AFL coaches Luke Beveridge and Simon Goodwin have mixed reactions to free-kick crackdown

Western Bulldogs coach Luke Beveridge called the AFL crackdown on players ducking for free kicks “another flinch” and said players going hardest to win the football should not be “victimized”.

But the premiership winning coach was a lone voice against the move with Melbourne mentor Simon Goodwin supportive and North Melbourne’s Leigh Adams, who had his career shortened by concussion issues also a strong advocate of shift in focus.

On Tuesday the AFL sent a memo to all clubs re-emphasising a directive to umpires to not reward players that duck, drop or shrug into a tackle to draw high contact with a free kick.

Citing Geelong captain Joel Selwood as a prime example of someone who earns free kicks simply by being the “the hardest at the football in the competition”, Beveridge said that sort of endeavour shouldn’t be penalised.

“My point of view is let’s not change the game and the interpretations that has been there forever,” he said.

“It’s another flinch, Just reward the player who is hardest at the football and let’s not victimize that behavior. It should be rewarded, not penalized.

“Just leave it as it is. Reward the player who has his head over the footy. Ultimately, penalize the guy who hasn’t tackled like he should have tackled. I’m happy for the ones that are right on the edge or marginal to play on.

“But let’s not change things again. Reward the player that goes harder at the football.”

But Kangaroos caretaker coach Adams, who had to retire when he was only 27 due to concussion-related issues, said the “little tweak” could stop players putting themselves in harms way.

“I‘m all about protecting the head as much as you can, and I’d love to see – I’m hoping that this new rule brings about players stopping using their head as much as they do because I think we’re seeing more and more concussion-related injuries,” Adams said at Arden Street.

“The more we can get that out of our game, hopefully this little tweak to the rules will stop guys from doing it because there‘s no incentive to get the free kick.”

Adams said he wouldn‘t have to change his players’ tackling technique at training in light of the AFL directive.

“We don‘t have a lot of guys that use that technique from a drawing-free-kicks point of view,” Adams said.

“We‘ve always talked about going at the hips anyway so if they (opponents) are going to drop, we’re still telling them to target the hips and if the head’s there, from this week onwards hopefully, there’s not going to be as many free kicks.”

Premiership winner Melbourne coach Simon Goodwin threw his support behind the crackdown despite one of his players being caught up in the controversy.

Among three examples from last weekend’s round of games was one involving Demon livewire Kysaiah Pickett, who was awarded a free kick for high contact after being tackled by Port Adelaide captain Tom Jonas.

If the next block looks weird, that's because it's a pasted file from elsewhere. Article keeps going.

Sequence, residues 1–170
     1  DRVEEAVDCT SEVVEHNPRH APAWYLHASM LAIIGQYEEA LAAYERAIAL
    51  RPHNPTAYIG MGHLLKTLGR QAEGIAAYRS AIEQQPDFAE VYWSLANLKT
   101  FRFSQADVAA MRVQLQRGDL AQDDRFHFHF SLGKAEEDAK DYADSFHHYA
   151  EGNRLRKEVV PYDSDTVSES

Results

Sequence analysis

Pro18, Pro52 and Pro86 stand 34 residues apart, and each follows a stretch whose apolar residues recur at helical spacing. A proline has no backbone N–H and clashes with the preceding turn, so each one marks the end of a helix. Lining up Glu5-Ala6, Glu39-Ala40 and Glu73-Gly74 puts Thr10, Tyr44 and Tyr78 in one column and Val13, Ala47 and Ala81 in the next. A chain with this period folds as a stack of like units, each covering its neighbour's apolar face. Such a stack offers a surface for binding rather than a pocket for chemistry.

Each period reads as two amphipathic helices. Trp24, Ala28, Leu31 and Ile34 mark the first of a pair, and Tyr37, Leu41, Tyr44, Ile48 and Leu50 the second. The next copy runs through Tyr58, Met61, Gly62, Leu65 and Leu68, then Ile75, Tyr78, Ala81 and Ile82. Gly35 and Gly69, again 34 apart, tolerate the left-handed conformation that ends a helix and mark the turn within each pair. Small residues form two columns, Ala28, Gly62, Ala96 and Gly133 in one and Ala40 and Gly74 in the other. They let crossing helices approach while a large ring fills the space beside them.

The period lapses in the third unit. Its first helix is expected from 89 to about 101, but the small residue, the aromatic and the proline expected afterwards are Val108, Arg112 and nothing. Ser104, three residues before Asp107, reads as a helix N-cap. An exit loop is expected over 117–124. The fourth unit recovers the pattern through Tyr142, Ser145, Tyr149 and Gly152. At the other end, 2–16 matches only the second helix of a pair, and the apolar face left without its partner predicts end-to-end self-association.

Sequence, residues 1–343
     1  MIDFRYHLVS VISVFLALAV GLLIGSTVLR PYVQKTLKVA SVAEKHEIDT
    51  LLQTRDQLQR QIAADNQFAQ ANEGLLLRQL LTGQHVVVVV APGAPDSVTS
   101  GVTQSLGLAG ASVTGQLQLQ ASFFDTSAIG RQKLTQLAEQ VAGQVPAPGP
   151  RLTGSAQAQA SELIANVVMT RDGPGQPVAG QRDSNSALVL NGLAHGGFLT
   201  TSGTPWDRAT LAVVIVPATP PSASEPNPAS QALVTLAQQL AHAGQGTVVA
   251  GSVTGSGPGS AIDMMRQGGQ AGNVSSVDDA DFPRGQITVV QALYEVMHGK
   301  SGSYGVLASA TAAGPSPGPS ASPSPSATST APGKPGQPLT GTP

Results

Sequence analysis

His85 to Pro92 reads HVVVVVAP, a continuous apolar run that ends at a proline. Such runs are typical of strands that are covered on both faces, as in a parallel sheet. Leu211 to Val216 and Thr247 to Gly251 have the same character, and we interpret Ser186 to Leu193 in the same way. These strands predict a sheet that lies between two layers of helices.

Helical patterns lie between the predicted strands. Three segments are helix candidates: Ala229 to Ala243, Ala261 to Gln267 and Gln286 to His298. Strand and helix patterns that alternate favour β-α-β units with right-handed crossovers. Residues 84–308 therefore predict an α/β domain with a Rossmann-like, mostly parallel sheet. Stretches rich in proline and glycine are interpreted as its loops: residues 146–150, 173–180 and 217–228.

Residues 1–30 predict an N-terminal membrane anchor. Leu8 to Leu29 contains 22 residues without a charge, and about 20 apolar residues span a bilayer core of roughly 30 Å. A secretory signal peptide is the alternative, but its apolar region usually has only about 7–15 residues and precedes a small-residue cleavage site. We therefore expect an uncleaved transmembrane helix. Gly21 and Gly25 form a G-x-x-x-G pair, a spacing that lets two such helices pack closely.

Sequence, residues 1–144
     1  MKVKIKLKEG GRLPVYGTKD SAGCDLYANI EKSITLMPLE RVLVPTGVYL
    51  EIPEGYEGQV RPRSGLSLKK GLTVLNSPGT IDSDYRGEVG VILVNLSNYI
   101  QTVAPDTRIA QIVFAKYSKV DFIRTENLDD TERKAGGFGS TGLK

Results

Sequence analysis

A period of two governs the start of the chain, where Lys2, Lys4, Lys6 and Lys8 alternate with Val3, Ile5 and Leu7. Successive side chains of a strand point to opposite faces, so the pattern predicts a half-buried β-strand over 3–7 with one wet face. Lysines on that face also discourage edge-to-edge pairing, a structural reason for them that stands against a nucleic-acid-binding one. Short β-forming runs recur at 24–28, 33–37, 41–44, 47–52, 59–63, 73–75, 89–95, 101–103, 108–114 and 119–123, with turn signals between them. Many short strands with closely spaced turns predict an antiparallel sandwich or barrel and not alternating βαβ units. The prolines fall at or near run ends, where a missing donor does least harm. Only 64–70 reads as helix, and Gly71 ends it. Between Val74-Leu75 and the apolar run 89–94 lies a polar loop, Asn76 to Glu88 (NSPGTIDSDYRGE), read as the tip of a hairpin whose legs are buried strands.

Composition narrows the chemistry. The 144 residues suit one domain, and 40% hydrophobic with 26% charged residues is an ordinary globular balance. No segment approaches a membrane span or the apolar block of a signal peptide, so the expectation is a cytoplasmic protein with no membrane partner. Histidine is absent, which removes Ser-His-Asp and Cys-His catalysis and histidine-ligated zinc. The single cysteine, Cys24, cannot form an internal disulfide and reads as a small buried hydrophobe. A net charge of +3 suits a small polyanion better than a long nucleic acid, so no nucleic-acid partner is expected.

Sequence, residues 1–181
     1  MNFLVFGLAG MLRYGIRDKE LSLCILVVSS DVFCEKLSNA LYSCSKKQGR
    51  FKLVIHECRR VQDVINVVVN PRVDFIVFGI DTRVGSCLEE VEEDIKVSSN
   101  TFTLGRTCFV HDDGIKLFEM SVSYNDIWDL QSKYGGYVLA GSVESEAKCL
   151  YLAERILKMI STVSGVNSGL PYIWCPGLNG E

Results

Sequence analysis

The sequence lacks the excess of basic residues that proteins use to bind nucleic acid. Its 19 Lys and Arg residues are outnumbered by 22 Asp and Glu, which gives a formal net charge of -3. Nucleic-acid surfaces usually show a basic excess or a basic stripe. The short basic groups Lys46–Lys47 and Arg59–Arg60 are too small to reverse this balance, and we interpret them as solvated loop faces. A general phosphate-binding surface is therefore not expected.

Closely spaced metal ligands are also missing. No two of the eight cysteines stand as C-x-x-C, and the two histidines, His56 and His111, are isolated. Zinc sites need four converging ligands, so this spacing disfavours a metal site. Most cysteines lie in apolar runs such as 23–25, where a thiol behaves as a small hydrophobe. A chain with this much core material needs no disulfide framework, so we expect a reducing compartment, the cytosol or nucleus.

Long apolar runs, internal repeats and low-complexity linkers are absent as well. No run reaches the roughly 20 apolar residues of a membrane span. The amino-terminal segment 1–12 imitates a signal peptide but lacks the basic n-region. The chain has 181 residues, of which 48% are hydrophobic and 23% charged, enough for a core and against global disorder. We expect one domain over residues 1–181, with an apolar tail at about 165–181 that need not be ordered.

But it was identified as incorrectly adjudicated and Pickett was responsible for the high contact after dropping his shoulders so the taller opponent took him high. “Play on” should’ve been called.

Goodwin said that specific area of the game was “tough to adjudicate” but also incidents of players ducking for free kicks needed to be eradicated from the game.

“We’ll show our players and educate our players. It’s not something that we coach within our playing group,” he said on Wednesday.

“I think it’s fantastic (the AFL) have been able to come out and say this is what they are going to be focusing on from an umpiring perspective. And no doubt it’s challenging for umpires.

“I don’t think it’s a great look for our game where we try and draw free kicks, but it’s a tough thing to umpire. For them to come out and send a message … and we can pass that message on to players, hopefully we can try and eradicate that stuff from the game.

In the edict sent to the clubs, AFL head of umpiring Dan Richardson said while players trying to win the ball had to be protected, they also had a “duty of care to not put themselves in a position for high contact”.

“Ultimately, the rules do not reward players for putting themselves in vulnerable positions to draw a free kick. This is something we prefer not to see in our game at any level,” he said.

“We want to be clear; if the umpire believes the ball carrier is responsible for the high contact, then they won’t be rewarded.”

But Beveridge said if players who went hard, like Selwood, had “techniques that entice a clumsy tackle”, they shouldn’t be penalised.

“The reason why (Selwood) gets a lot of free kicks is probably because he’s the hardest at the football and at a loose ball in the competition, so reward him for it,” he said.

“If he’s got techniques that ultimately entice a clumsy or an undisciplined tackle, good luck to him and he deserves every free kick he gets.

“He’s a prime example for me, and so do we look back and say some of the ones he’s got over time shouldn’t be there based on what’s been put out. Just leave it as it is. Reward the player who has his head over the footy.

“Penalize the guy who hasn’t tackled like he should have tackled. I’m happy for the ones that are right on the edge or marginal to play on. But let’s not change things again.”

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